Using A Robotic Suit Controlled By His Brain, A Paralyzed Man Was Able To Walk

Thibault, a 28-year-old man from France, was able to walk and reach for items using the suit, despite being tetraplegic.

A man in France who was paralyzed from the shoulders down after a 40-foot fall that severed his spinal cord was able to use all of his limbs with the help of a brain-controlled robotic suit, according to CNN.

The 28-year-old known as Thibault had enough movement in his biceps and left wrist to enable him to operate a wheelchair with a joystick, the news outlet reported.

Now, he can do much more.

“Researchers from the University of Grenoble in France, biomedical research center Clinatec and the CEA research center implanted recording devices on either side of Thibault's head,” CNN said, “between the brain and skin, to span the sensorimotor cortex -- the area of the brain that controls motor function and sensation.”

His brain signals are collected by an electric grid, which then transmits them to a decoding algorithm. From there, the signals are translated to movement commands that the robotic exoskeleton can execute.

Thibault spent two years training the algorithm to interpret his thoughts by using an avatar in a video game.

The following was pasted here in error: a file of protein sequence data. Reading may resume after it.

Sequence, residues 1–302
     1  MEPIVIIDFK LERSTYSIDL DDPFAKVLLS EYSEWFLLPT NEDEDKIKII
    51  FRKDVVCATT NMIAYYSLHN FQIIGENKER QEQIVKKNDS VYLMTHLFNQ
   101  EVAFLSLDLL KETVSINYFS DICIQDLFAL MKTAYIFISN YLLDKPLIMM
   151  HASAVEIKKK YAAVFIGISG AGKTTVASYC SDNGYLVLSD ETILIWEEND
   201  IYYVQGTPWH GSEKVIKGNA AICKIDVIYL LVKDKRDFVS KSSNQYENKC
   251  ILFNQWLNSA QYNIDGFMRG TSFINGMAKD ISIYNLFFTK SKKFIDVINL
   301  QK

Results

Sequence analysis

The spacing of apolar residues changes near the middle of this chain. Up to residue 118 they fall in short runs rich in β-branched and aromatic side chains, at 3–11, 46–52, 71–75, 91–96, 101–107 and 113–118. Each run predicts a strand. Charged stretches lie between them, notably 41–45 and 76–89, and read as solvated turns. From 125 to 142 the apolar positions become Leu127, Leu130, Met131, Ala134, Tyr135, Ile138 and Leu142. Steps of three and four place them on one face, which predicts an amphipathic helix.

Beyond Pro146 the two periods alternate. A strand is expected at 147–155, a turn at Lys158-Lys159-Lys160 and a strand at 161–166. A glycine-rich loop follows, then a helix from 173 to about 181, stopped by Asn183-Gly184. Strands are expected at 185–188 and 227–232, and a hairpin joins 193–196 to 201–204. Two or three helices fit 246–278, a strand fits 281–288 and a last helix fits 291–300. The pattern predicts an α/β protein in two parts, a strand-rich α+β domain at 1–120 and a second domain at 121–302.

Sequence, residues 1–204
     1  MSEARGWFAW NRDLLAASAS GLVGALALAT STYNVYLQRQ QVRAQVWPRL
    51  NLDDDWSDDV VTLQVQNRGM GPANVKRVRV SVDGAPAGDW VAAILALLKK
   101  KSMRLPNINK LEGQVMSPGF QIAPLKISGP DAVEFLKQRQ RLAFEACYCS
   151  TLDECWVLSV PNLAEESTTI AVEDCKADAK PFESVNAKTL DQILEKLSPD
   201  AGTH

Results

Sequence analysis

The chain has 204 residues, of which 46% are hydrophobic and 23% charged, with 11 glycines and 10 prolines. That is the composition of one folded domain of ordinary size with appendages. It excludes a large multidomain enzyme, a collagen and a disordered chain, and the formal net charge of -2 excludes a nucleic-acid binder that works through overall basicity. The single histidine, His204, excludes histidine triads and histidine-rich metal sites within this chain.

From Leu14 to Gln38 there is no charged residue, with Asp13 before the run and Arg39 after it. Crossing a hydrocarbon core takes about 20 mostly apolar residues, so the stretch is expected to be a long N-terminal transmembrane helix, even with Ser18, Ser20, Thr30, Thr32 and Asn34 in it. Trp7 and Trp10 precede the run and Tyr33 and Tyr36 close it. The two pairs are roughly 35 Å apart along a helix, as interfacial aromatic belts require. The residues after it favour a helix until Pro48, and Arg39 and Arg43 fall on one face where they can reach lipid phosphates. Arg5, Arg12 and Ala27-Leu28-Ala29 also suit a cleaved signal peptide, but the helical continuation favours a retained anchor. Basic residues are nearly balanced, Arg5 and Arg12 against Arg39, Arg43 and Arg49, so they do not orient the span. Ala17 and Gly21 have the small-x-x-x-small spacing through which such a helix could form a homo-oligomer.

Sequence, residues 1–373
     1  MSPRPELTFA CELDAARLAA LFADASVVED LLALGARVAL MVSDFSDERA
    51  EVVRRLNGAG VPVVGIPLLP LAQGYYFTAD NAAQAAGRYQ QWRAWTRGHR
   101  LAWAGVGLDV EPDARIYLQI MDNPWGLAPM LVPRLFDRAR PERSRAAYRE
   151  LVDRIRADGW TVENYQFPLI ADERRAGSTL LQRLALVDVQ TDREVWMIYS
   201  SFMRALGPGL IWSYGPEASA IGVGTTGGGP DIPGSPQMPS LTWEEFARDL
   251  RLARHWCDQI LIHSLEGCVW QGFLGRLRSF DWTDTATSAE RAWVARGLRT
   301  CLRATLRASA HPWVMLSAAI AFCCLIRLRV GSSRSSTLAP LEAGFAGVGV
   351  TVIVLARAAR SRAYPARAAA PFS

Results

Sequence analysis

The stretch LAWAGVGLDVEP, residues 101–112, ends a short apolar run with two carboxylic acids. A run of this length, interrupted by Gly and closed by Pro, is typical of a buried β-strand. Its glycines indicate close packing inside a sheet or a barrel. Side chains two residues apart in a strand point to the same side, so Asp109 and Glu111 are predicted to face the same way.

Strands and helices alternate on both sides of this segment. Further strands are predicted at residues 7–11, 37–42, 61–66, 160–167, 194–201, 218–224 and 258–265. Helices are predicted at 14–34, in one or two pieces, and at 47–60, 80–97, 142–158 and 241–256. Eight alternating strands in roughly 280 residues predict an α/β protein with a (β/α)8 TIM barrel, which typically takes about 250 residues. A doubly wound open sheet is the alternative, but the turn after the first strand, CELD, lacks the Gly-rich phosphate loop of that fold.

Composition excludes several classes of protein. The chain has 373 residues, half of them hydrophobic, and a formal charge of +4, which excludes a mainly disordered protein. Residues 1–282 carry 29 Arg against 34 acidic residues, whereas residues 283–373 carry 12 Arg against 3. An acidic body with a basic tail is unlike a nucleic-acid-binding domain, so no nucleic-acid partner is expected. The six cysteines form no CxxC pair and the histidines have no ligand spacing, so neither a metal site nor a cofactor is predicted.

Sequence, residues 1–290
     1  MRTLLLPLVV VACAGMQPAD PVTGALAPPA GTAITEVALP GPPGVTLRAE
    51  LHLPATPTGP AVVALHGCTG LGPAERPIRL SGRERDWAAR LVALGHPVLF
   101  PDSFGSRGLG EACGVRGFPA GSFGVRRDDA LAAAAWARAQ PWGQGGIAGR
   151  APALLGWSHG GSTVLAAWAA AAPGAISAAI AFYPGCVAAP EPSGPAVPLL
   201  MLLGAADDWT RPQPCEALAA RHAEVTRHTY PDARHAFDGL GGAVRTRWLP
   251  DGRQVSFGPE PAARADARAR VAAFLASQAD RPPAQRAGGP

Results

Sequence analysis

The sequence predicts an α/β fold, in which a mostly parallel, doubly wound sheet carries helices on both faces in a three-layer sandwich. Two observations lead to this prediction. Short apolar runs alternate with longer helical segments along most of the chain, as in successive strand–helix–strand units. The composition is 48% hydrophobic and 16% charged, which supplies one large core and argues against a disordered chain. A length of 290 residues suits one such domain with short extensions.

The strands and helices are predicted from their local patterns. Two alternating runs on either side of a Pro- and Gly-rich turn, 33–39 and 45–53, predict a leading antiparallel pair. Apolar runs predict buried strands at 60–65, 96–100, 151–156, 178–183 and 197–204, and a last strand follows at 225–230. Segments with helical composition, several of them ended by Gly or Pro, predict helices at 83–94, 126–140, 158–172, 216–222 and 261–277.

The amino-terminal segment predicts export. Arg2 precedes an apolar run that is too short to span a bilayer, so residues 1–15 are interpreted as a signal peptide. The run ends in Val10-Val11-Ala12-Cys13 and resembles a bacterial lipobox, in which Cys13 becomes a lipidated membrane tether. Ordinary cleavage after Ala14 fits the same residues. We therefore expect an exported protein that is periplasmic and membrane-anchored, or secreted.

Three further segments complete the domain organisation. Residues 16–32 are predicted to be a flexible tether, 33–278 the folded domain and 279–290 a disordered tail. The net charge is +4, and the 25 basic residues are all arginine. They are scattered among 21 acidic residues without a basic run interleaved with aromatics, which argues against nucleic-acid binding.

Now, he can use the exoskeleton to walk and reach for things with his arms.

"I can't go home tomorrow in my exoskeleton, but I've got to a point where I can walk. I walk when I want and I stop when I want," Thibault said.

The researchers believe this technology can eventually be used to improve countless individuals’ lives.

"Our findings could move us a step closer to helping tetraplegic patients to drive computers using brain signals alone, perhaps starting with driving wheelchairs using brain activity instead of joysticks and progressing to developing an exoskeleton for increased mobility," Professor Stephan Chabardes, a neurosurgeon from Grenoble University Hospital and author of the study, said in a press release.

Read the full report.

Comments